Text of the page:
Spending imaginary dollars

Among the decisions the next president will make that will carry a lasting effect on U.S. social and economic life is how to spend an estimated $1.7 trillion budget surplus. Unfortunately for voters, it is probably the most complex issue as well, as it concerns both real and imaginary numbers. Even economists sometimes get confused when explaining the Congressional Budget Office’s projection and its intricacies.
Spread out over 10 years, the unprecedented surplus forecast remains tentative, and might whither if federal spending changes even slightly. Both the surplus’ complexity and its uncertainty has forced the presidential candidates to offer extensive detail with their spending and tax cut proposals, leading to Vice President Al Gore’s 197-page Economic Blueprint, which explains in tedious detail his “modest” tax cuts and new program plans.
Despite these complications, only two questions need to be answered concerning surplus spending: What are you doing with the portion that belongs to the social security trust fund? And, what are you going to do about the national debt?
The federal government estimates that the total surplus — at current rates of spending — will be nearly $3 trillion, of which $1.3 trillion comes from the social security trust fund. The Social Security trust creates a surplus because more money is currently being collected than spent by the program. Eventually, though, the government will begin paying out more than is flowing in to the trust (sometime after 2019), leading to the program’s bankruptcy.
As many Americans approaching retirement vote, Social Security’s solvency has received much attention from the media and the primary candidates. Fearing negative reaction from this demographics, both Gore and Texas Governor George W. Bush have declared the Social Security surplus sacred. Although they have vowed to preserve the trust, both candidates have said they will use the $1.3 trillion to eliminate some of the national debt, which when last checked was $5.6 trillion.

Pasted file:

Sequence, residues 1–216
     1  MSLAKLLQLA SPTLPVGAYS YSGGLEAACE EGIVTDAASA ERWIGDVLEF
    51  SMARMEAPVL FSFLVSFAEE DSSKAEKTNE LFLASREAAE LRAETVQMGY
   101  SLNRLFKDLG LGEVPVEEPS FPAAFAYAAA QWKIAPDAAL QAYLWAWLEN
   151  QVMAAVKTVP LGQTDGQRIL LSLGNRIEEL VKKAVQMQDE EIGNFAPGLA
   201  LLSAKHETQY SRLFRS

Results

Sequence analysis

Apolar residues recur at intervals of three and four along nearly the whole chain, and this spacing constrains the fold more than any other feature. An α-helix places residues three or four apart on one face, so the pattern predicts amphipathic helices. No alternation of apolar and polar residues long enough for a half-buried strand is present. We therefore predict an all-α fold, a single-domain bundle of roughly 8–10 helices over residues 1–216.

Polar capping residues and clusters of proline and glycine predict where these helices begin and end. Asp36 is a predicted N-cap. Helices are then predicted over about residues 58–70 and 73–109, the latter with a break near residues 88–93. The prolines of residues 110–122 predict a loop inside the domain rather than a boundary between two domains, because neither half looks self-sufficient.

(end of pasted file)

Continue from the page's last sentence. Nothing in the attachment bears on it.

Rightfully considered a high priority by nearly every candidate, the U.S. debt wastes around $224 billion every year in interest payments, one-ninth of the federal spending in 1999. (Interest payment savings during the next 15 years would be used to replenish social security.) Gore says he would pay off the debt by 2012. Bush’s promised across-the-board tax cut of $1.3 trillion spread out over 10 years would seriously limit the government’s debt reduction efforts.
Few third-party candidates have offered any similar detail about their plans for a surplus, if they even think we have one. Green Party nominee Ralph Nader only offers more spending plans. He proposes no tax cuts and has said little or nothing about debt reduction. Libertarian Harry Browne’s surplus thoughts are on the opposite side of the political spectrum. He considers the surplus excess taxation, which should be promptly returned to the American people.
As the United States teeters temporarily on a trillion dollar surplus, it seems only natural that the candidates for the upcoming presidential election would begin making out their White House wish lists. To think, only yesterday — or 10 years ago — our government was mired precariously in debts and deficits. Now, we are on the veranda of a fluctuating surplus that might allow unprecedented spending or mega-tax cuts. Although there might be room for a little of both, eliminating the national debt should come first.